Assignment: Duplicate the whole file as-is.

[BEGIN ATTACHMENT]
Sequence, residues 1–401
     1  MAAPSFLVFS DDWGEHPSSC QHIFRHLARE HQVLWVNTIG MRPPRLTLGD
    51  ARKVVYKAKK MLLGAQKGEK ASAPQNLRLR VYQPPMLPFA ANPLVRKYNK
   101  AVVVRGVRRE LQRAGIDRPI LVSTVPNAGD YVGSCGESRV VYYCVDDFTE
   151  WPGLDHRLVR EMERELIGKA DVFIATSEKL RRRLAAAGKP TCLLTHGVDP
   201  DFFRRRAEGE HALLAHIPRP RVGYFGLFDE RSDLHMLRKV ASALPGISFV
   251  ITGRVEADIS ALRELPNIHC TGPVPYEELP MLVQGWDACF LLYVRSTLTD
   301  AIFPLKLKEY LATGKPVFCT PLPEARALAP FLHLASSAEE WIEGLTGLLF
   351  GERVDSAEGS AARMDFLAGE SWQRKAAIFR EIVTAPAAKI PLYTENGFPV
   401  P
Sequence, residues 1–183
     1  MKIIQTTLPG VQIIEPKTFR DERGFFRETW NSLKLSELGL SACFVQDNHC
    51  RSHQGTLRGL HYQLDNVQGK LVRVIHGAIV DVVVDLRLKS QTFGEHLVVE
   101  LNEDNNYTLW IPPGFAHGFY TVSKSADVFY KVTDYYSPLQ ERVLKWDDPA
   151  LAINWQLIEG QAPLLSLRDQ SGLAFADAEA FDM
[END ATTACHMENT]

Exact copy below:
Sequence, residues 1–401
     1  MAAPSFLVFS DDWGEHPSSC QHIFRHLARE HQVLWVNTIG MRPPRLTLGD
    51  ARKVVYKAKK MLLGAQKGEK ASAPQNLRLR VYQPPMLPFA ANPLVRKYNK
   101  AVVVRGVRRE LQRAGIDRPI LVSTVPNAGD YVGSCGESRV VYYCVDDFTE
   151  WPGLDHRLVR EMERELIGKA DVFIATSEKL RRRLAAAGKP TCLLTHGVDP
   201  DFFRRRAEGE HALLAHIPRP RVGYFGLFDE RSDLHMLRKV ASALPGISFV
   251  ITGRVEADIS ALRELPNIHC TGPVPYEELP MLVQGWDACF LLYVRSTLTD
   301  AIFPLKLKEY LATGKPVFCT PLPEARALAP FLHLASSAEE WIEGLTGLLF
   351  GERVDSAEGS AARMDFLAGE SWQRKAAIFR EIVTAPAAKI PLYTENGFPV
   401  P
Sequence, residues 1–183
     1  MKIIQTTLPG VQIIEPKTFR DERGFFRETW NSLKLSELGL SACFVQDNHC
    51  RSHQGTLRGL HYQLDNVQGK LVRVIHGAIV DVVVDLRLKS QTFGEHLVVE
   101  LNEDNNYTLW IPPGFAHGFY TVSKSADVFY KVTDYYSPLQ ERVLKWDDPA
   151  LAINWQLIEG QAPLLSLRDQ SGLAFADAEA FDM